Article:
Raytheon begins full-rate production of Excalibur Ib projectile

4 August 2014 (Last Updated August 4th, 2014 18:30)

Raytheon has secured approval from the US Army to begin full-rate production (FRP) of its Excalibur Increment b (Ib) precision-guided, extended-range projectile.

Excalibur

Raytheon has secured approval from the US Army to begin full-rate production (FRP) of its Excalibur Increment b (Ib) precision-guided, extended-range projectile.

The army also awarded a $52m contract to Raytheon for continued Excalibur Ib production.

US Army Excalibur product manager lieutenant colonel Josh Walsh said: "The full-rate production decision is the culmination of superb teamwork between the US Army and Raytheon."

The army awarded a type classification standard to the projectile earlier this year, while approving it for full materiel release (FMR), confirming that the projectile has been fully tested, meets operational performance requirements and is safe for use.

In addition, the certification confirms that the projectile can be supported logistically within its intended operational environment.

Raytheon Land Warfare Systems vice-president Michelle Lohmeier said: "The army's approval of FMR and the decision to enter full-rate production represent major milestones that many potential customers have eagerly anticipated.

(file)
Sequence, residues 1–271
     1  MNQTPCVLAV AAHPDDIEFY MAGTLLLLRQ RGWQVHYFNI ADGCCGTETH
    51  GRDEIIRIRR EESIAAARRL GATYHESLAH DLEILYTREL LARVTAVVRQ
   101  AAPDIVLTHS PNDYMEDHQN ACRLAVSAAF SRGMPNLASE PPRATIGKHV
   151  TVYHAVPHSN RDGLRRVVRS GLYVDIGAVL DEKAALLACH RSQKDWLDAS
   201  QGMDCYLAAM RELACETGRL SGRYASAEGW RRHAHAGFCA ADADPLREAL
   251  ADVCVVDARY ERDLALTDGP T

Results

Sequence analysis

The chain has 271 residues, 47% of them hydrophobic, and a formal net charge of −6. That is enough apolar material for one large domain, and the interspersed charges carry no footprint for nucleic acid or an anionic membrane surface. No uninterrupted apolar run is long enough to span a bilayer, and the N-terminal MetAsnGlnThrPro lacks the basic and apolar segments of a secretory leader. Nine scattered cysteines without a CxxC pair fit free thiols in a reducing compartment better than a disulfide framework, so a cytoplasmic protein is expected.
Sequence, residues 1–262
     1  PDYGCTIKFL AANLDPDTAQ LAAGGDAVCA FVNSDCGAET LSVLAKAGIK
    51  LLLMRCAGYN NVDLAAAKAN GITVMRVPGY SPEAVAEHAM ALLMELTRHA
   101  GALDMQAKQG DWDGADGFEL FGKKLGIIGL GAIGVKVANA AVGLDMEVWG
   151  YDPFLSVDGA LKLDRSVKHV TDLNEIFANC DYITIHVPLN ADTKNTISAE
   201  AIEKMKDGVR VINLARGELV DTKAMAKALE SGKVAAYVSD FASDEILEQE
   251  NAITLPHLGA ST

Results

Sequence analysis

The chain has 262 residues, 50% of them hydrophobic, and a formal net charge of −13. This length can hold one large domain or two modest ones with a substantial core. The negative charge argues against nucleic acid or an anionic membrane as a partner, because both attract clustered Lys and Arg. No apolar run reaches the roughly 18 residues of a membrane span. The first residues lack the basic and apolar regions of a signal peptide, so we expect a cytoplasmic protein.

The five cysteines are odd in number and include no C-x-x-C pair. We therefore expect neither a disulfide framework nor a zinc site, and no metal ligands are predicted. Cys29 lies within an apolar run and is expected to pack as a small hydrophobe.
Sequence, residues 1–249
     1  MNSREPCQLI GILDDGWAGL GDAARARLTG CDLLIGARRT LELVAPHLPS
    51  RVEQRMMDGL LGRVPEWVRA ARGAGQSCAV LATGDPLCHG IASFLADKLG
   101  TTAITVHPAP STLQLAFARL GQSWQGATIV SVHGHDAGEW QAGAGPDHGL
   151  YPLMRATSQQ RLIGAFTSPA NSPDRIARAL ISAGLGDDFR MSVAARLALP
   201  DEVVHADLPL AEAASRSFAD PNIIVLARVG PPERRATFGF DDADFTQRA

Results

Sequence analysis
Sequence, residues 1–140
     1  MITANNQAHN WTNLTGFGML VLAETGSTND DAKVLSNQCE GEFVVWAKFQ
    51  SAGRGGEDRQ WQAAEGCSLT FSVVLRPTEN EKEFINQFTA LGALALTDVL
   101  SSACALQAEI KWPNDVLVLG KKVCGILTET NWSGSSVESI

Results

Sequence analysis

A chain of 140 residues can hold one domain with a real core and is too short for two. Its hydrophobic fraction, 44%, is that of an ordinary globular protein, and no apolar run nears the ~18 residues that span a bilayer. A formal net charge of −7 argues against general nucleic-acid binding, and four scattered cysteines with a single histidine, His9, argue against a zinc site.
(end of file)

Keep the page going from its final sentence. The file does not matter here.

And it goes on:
"Excalibur has revolutionised cannon artillery, making it possible to engage targets precisely at long ranges while avoiding collateral damage, a capability that appeals to military leaders around the world."

All Excalibur lb projectiles scored direct hits on their intended targets during recent tests.

"Excalibur has revolutionised cannon artillery, making it possible to engage targets precisely at long ranges while avoiding collateral damage."

Based on the combat-proven Excalibur Ia-1 and Ia-2 projectiles, Excalibur Ib is a 155mm precision-guided, extended-range projectile that uses GPS precision guidance to offer soldiers an accurate, first-round, fire-for-effect capability in any environment.

The projectile follows a simplified development approach compared with Excalibur Ia, and addresses the army's objectives for improved reliability at significantly reduced costs.

Raytheon also evaluated Excalibur S, which incorporates a laser spot tracker in the guidance section, at Yuma Proving Grounds, US, in May.

The company is developing a 5in / 127mm maritime variant of the projectile called Excalibur N5, with plans for a live-fire demonstration later this year.


Image: Excalibur Ib is an upgraded version of the Excalibur artillery round. Photo: courtesy of Sgt. Henry Selzer.

Defence Technology